Yesterday we learned that women want to bang (but not marry!) wide-faced men. Today's chemistry lesson concerns seasonal sexiness changes. A study published on the Psychology of Human Sexuality blog shows that men get lustier in the winter months.

To figure this out, researchers surveyed 114 men every three months for one year. At each interval, the guys rated the attractiveness of their own girlfriends or wives and of female strangers in photos. Some of the photos showed women's faces only, some showed women's full bodies in bathing suits and some showed close-up shots of clothed breasts. Perceptions of women's faces didn't fluctuate throughout the year, but body shots were rated higher in the winter months. Men also gave their partners higher attractiveness ratings in the winter than in the summer.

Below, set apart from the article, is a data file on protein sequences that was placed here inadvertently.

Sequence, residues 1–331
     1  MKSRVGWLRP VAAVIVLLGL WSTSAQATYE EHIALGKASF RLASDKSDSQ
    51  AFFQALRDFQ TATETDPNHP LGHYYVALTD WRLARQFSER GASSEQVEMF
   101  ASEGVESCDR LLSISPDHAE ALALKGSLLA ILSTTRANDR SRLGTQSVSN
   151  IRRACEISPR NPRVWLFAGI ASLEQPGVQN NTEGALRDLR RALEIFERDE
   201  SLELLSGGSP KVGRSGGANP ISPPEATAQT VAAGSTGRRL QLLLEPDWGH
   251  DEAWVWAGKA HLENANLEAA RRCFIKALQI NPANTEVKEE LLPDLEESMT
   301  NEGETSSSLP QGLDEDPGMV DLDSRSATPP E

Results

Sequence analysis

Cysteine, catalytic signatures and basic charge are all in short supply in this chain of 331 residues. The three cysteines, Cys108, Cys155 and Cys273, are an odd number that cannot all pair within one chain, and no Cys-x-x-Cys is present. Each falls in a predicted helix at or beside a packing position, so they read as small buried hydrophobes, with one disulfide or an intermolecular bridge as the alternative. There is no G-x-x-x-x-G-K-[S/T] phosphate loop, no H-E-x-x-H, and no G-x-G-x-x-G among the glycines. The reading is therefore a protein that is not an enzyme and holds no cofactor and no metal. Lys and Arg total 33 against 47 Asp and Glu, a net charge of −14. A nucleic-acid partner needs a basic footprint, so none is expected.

No one is quite sure why — maybe winter layers make bare skin more exciting; maybe seasonal hormone changes are at play; maybe there's an underappreciated sexiness to the trapper hat. Despite all this alleged winter randiness, summer months tend to be when people say they have the most sex. In one recent study, August was the best month for sex and February the worst. Conception rates, however, reach their annual peak in December.